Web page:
Molecular tracking of parasite populations following vaccination

Oura et al. have now provided a powerful insight into this question by tracking individual components of the Muguga Cocktail in cattle immunised by infection and treatment under field conditions in Uganda [1,2]. This was achieved by PCR amplification of genomic DNA from blood using a panel of parasite micro- and mini-satellite markers (Box 1). Based on the numbers of alleles observed with two of the markers in the composite stabilate, at least six genotypes are present in the Muguga Cocktail [2]. Moreover, analysis of samples taken from 14 calves 2 years previously, on day 17 after immunisation, revealed patent infections in all but two of the animals using both markers, with each calf harbouring one to three distinct genotypes [2]. All six alleles of each marker were represented among the calves, along with an additional product observed in one animal that was not present in the stabilate. This analysis confirms that the Muguga Cocktail is complex genotypically and capable of establishing multiple acute infections in individual animals.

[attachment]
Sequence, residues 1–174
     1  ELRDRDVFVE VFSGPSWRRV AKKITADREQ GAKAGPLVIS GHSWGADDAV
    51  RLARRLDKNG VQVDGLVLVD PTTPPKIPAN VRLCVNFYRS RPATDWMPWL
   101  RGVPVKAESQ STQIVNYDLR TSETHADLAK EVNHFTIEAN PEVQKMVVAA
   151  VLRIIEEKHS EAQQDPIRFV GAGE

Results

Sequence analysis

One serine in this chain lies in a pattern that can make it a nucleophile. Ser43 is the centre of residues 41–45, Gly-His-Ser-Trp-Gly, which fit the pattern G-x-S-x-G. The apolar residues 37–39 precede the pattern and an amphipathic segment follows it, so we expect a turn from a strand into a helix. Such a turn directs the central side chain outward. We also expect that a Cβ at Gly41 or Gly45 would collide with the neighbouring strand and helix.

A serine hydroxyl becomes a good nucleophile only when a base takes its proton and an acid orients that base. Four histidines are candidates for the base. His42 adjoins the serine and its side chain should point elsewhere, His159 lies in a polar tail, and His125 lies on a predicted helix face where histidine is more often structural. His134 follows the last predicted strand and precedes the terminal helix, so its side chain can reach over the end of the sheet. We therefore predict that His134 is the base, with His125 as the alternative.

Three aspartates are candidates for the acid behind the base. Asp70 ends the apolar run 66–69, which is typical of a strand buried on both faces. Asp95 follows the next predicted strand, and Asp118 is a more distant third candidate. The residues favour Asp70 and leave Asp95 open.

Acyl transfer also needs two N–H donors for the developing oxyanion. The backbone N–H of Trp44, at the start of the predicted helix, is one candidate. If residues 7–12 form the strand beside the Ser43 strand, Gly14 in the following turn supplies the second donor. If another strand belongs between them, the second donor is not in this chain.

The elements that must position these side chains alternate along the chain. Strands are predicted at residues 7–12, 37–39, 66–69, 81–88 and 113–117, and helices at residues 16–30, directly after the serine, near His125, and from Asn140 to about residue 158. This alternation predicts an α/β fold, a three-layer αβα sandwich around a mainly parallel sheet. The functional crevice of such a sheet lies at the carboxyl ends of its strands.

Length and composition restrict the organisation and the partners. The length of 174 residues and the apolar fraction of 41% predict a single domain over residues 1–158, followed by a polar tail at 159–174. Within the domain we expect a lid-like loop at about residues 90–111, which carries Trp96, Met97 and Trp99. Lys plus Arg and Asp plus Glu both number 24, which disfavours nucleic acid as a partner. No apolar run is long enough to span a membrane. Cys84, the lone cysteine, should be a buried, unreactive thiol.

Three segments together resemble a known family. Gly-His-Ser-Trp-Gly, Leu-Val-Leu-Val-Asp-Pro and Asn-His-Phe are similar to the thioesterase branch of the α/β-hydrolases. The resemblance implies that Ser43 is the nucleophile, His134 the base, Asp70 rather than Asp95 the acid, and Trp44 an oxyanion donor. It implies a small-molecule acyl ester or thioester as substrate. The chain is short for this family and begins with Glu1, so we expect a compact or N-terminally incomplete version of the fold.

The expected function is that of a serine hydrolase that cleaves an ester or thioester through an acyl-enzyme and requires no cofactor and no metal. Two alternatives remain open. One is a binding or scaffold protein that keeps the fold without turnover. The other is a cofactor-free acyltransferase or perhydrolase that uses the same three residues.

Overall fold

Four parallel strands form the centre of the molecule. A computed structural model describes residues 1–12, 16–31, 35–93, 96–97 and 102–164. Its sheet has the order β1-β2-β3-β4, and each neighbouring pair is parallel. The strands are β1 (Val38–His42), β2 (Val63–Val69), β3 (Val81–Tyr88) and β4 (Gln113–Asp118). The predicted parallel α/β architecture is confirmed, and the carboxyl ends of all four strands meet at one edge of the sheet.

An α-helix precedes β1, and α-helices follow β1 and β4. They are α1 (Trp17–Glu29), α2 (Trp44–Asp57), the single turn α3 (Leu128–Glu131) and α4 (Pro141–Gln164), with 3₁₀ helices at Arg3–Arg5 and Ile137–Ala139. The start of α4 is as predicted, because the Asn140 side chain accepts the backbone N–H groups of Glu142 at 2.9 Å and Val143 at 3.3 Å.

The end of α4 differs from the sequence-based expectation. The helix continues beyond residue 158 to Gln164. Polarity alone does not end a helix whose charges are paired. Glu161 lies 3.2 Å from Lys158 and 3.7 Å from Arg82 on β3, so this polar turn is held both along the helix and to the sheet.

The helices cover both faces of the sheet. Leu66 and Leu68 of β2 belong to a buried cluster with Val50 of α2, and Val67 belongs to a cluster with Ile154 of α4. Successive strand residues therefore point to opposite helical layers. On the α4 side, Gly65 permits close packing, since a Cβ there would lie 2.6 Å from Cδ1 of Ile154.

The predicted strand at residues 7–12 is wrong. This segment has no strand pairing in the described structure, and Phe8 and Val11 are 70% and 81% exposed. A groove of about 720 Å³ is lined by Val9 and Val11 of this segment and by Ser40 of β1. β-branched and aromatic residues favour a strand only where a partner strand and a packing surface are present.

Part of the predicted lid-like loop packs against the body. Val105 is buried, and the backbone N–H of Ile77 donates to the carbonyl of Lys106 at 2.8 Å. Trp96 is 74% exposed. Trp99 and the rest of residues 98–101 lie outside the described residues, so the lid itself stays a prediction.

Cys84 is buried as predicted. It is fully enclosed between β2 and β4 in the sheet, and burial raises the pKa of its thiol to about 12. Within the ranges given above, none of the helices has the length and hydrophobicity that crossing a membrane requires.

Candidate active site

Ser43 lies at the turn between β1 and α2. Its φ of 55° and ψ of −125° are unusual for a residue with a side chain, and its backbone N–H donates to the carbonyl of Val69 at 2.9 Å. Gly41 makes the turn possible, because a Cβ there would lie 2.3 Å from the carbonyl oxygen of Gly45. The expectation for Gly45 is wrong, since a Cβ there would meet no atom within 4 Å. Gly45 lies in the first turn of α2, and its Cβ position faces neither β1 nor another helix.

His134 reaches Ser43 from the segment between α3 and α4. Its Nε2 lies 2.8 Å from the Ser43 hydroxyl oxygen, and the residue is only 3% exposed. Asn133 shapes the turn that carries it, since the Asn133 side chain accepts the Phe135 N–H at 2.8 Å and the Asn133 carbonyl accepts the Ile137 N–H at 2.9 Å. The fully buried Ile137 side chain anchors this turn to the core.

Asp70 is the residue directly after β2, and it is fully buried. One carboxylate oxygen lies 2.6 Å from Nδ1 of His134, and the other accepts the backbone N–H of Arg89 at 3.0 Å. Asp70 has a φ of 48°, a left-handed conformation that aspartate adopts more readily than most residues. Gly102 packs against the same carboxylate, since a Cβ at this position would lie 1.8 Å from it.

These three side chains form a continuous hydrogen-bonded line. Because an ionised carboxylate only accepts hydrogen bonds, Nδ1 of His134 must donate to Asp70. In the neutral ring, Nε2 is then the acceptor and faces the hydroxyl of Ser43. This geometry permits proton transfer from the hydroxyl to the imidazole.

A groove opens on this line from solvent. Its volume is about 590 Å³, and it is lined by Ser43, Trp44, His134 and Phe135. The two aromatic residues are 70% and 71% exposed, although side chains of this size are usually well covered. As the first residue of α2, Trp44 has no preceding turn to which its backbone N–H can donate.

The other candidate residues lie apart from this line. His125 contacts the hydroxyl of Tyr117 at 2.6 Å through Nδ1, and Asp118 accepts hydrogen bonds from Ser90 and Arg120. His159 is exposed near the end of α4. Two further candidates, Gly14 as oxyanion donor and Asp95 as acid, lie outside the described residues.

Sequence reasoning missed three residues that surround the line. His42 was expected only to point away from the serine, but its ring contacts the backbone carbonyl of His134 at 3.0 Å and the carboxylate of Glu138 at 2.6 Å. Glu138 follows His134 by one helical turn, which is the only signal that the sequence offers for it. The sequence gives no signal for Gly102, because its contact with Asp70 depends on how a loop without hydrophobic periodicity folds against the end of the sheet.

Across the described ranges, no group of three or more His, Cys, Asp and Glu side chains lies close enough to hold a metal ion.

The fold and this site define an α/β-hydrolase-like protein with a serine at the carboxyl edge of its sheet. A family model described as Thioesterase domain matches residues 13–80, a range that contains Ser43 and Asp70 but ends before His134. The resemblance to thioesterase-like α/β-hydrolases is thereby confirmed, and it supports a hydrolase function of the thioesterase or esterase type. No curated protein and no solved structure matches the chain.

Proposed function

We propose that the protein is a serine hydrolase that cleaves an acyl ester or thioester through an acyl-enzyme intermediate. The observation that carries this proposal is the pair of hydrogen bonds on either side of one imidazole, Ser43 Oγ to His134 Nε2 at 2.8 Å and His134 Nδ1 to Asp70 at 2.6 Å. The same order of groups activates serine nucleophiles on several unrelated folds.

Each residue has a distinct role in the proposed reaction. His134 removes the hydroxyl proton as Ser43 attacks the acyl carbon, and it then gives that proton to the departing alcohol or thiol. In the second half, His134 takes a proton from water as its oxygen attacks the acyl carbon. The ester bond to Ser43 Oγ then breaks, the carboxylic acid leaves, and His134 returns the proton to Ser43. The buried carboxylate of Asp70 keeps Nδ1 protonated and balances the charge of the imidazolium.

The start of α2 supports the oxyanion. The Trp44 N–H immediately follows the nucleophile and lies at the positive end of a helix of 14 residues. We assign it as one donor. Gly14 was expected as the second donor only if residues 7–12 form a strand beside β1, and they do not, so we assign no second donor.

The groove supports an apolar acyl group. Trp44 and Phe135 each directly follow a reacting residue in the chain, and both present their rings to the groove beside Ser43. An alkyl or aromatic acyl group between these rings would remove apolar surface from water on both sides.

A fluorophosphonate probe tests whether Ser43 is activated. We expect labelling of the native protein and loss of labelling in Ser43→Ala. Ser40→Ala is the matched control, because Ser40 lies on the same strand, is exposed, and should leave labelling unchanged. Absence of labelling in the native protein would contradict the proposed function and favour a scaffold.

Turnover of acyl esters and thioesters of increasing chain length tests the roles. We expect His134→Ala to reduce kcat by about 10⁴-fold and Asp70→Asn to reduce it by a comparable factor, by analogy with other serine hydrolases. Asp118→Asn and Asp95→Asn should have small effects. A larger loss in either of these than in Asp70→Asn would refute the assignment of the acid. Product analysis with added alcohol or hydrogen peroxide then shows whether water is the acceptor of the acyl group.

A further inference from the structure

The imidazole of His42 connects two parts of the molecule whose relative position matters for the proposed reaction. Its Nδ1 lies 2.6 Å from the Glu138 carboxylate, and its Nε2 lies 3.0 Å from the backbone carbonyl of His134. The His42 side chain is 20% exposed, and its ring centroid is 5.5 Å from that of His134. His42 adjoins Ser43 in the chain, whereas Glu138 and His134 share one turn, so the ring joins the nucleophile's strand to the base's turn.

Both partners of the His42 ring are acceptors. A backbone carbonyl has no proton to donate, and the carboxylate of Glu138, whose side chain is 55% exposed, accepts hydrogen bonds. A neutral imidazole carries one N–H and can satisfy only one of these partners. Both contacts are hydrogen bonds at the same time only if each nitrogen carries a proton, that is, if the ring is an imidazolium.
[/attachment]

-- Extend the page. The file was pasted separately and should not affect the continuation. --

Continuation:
Box 1

Genotyping with micro- and mini-satellites

Micro- and mini-satellites are stretches of tandemly repeated nucleotide sequences that are dispersed throughout eukaryotic genomes, both within genes and in non-coding regions. Microsatellites generally comprise short tandem repeats (~2–6 bp), whereas mini-satellites are made up of longer repeating units (~8–100 bp). Satellite loci evolve rapidly through a combination of replication slippage and meiotic recombination and are often selectively neutral. As a result, the number of repeated units occurring at individual satellite loci varies greatly within populations and constitutes a powerful means of genetic fingerprinting. This is achieved by PCR amplification of the repeated region using primers based on flanking sequences. The precision of the fingerprint obtained is a function of the number of satellite loci examined across the genome in question.